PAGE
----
By Amy Nicholson
By Alan Scherstuhl
By Alan Scherstuhl
By Alan Scherstuhl
By Alan Scherstuhl
By Mark Holcombe
By Scott Foundas
By Nick Pinkerton
CP: In different ways, Fast Food Nation and A Scanner Darkly are both about the culture of exploitation and addiction: Fast Food is more about the suppliers, and Scanner is more about the consumer.
Linklater: We're all addicted, aren't we? I'm addicted to various things—to cinema, for example. I don't think those things are going to kill me—or at least not as quickly. Addiction is part of what it means to be human—whether it's addiction to love or sex or travel or whatever. But consumer addiction is something else. Drug or alcohol addiction is the most moving, in a way, because you're trying to transcend something—body chemistry is a huge element of it—but you're trapped in your own body, your own psyche.
CP: Both films have their funny moments for sure, but they're profoundly sad. That kind of duality is the essence of your work: the disconnect, the dialectic, the honest contradiction, the irony. Two truths facing each other without resolution: Maybe it's this, maybe it's that.
Linklater: I go through life with that disconnect. Like, Wow, life is wonderful, beautiful. And then you look again and it's so fucking tragic. Those two can coexist in the same thought; it's not like there are two different genres in the human brain. At the end of Scanner, Bob Arctor is a burnt-out husk [laughs]. It's completely tragic; he's more or less dead. Or maybe he could come back and be a normal person again. I guess it's never over until it's completely over. It might take more than one viewing to figure it out. Hopefully the first time has its rewards, but on a second viewing I know it gets deeper—you see a lot more connections. Right? That's what the human brain does: It makes connections. I'm still finding things [in Scanner], believe it or not, and no one could be closer to it than I am. That's what we do here: We try to make sense of everything that fundamentally doesn't make sense.
CP: American films generally require the filmmaker to be very decisive and clear—no ambiguity allowed.
Linklater: You're supposed to pick a tone and maintain it for audience-satisfying purposes. It's great—it's tonally consistent! It's like we're looking for the kind of consistency in our art that is totally nonexistent in the real world. But if art can ever really reflect the world in all its layers, then that should be the goal. Different works require different things. In terms of Scanner, I just know I shared Dick's "bilateral dysfunction" [laughs]. That was always in his work: the humor along with the darker, tragic elements.
CP: The printed epilogue—which you take pretty much directly from the book—is so poignant, so heartbreaking. You can see that Dick was seeking happiness and couldn't achieve it.
Linklater: In his community, the drug subculture, there can be an exuberant camaraderie. Like he says [in the book], it was fun for a while—but it can turn dark, paranoid, and tragic really fast. He wrote about the toll: The price that he and his friends paid was so much greater than the crime. I thought it was important to include that list of drug casualties in the epilogue because it makes you go, Okay—wow. These are real people. This really happened. When I met with [Dick's] daughters about doing a movie of A Scanner Darkly, one of the things they said is that they didn't want us to be cavalier about the drug use. They said their dad would still be alive today—that he'd still be writing—if it wasn't for drugs.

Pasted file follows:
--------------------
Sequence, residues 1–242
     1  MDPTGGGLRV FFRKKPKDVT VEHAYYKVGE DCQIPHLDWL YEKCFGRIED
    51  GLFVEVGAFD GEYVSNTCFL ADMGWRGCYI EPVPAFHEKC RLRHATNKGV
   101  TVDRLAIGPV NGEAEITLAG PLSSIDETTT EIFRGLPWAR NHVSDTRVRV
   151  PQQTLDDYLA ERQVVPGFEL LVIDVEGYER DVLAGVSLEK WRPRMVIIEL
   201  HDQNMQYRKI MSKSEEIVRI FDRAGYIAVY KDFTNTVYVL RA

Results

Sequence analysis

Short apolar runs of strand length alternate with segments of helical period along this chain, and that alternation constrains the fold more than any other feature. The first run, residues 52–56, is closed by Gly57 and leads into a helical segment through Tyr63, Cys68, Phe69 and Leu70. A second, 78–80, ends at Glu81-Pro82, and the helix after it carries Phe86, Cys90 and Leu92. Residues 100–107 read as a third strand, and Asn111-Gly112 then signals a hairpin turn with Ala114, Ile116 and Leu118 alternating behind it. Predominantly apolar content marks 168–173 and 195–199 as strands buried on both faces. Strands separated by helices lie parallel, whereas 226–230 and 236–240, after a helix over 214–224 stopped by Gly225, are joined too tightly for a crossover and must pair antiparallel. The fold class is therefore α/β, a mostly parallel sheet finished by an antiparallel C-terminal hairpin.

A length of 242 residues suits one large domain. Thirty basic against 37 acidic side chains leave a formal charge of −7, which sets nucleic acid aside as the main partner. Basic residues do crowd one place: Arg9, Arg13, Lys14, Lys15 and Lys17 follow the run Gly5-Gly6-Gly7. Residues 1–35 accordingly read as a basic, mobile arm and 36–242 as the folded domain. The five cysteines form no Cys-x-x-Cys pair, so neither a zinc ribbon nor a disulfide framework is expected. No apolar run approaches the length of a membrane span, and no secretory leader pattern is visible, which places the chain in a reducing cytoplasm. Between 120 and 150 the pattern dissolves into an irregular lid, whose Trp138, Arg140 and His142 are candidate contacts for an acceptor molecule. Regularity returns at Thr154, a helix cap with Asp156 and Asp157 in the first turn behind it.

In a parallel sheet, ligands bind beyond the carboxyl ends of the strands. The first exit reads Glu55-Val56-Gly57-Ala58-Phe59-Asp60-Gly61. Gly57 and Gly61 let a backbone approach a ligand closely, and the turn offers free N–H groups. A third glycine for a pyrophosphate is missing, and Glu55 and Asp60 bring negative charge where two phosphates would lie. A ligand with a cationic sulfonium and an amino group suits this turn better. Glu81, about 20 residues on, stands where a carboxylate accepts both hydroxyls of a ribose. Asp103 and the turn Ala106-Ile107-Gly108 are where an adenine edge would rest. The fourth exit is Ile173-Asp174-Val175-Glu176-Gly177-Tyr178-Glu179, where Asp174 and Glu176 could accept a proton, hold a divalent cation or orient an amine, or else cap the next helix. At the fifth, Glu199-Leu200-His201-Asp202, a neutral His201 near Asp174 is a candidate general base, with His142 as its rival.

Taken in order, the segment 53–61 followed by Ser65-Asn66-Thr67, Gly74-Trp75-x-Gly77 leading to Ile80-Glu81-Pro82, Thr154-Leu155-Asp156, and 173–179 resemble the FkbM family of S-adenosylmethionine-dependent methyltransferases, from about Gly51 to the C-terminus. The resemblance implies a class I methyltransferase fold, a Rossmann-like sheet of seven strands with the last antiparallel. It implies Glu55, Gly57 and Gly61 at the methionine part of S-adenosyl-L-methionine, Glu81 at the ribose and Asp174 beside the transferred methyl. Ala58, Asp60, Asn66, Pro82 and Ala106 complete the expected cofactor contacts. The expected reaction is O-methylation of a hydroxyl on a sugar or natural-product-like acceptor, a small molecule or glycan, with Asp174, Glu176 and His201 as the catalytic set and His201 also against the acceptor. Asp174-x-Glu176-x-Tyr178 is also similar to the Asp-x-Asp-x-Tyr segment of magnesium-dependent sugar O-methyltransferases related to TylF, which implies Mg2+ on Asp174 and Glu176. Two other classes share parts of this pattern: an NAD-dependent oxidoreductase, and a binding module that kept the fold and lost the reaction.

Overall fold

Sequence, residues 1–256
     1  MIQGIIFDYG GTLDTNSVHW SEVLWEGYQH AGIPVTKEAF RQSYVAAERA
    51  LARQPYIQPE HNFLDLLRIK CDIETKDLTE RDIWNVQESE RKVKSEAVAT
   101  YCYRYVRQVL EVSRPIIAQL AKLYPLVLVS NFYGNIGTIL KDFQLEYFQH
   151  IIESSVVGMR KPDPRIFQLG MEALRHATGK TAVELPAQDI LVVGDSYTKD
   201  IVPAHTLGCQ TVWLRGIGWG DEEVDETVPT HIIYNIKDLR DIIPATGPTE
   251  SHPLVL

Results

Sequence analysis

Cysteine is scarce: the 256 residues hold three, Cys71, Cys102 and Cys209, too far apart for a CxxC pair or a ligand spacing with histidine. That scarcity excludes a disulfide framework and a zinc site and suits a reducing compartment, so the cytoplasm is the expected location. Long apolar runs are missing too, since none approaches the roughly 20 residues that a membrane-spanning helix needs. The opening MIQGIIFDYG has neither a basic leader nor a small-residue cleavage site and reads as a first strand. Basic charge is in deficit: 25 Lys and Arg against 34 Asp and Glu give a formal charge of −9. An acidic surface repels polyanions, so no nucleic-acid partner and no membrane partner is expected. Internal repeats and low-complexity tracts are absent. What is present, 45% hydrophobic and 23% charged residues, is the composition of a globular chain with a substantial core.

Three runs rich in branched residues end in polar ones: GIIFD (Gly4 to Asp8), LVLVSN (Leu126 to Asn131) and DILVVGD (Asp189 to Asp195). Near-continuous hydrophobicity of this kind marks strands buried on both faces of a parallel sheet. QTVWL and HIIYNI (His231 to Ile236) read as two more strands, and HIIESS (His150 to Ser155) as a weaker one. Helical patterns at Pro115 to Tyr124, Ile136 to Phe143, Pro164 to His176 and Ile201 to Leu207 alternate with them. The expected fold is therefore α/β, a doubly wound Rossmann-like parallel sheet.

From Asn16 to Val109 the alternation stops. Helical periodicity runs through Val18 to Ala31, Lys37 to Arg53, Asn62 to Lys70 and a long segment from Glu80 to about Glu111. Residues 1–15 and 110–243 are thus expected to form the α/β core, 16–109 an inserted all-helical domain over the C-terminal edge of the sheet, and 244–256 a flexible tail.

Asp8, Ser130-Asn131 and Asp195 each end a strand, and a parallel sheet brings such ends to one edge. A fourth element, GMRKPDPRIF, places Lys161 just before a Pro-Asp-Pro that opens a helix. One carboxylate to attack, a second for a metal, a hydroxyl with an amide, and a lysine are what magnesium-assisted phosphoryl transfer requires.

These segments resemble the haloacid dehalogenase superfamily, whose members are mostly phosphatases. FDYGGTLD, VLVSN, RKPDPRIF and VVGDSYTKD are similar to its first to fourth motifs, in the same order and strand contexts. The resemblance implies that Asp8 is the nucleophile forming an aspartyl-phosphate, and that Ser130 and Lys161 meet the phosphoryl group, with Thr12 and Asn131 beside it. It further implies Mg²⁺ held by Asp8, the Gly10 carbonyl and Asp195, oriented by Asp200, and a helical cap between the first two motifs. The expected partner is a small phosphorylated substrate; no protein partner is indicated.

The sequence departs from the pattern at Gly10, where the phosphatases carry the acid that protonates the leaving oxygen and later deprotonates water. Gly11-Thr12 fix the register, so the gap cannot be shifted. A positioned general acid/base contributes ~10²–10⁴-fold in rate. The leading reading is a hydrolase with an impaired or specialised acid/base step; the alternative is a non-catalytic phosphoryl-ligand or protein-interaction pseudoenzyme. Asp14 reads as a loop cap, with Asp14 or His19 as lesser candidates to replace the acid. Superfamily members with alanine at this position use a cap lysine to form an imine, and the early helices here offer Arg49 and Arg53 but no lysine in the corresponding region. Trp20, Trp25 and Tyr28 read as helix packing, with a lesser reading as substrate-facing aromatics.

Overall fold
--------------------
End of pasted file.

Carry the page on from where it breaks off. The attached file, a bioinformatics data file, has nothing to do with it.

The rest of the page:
CP: Do you think happiness is elusive?
Linklater: I just read this thing about happiness. It said that three of the biggest keys to happiness for most people are: first, an occupation that satisfies you in some way; second, a sense of community, not being alienated and sitting in your room; and third, a satisfying sex life—everyone is on [his or her] own there [laughs].
CP: On a larger scale, do you find yourself thinking that things actually need to get worse before they can get better?
Linklater: It has gotten worse [laughs]. It has been this way for a while now: Just when you think it can't get any worse in the United States, it kinda does. Or does it? What are the effects? I mean, do you know anyone who has disappeared without legal rights? That would be the next step, I think—when white, middle-class people with dissenting opinions start disappearing, then we really will be in Soviet Russia or the Nixonian era times x, the combination of those two. I think people are just looking at their watches and saying, Okay, we've got two more years.
CP: There are many ways of disappearing people with dissenting opinions, don't you think?
Linklater: You could say that we're kind of living in a Soviet model now—of media and government being together on one level. But I don't know. Everyone bitches about the media, but we're not quite [in a totalitarian state] yet. The government definitely has its mouthpiece, though. In terms of Fast Food Nation, I came out of the whole experience really admiring the bravery and the sacrifice of a whole lot of people who dedicate their lives to fact-finding and investigative journalism. I really felt a sense of how important that is for the health of our collective human body. Because that's the only check and balance on unopposed power, on a government that owns it all and an industry that owns it all. If they can do away with all criticism or feedback, then they can pursue their agenda further and more efficiently. Their goal is to have no feedback, no accountability. Or if there is accountability, they can label it as "anti-American" or "socialist." The founding fathers were very leery of unchecked power; they went out of their way to check it.
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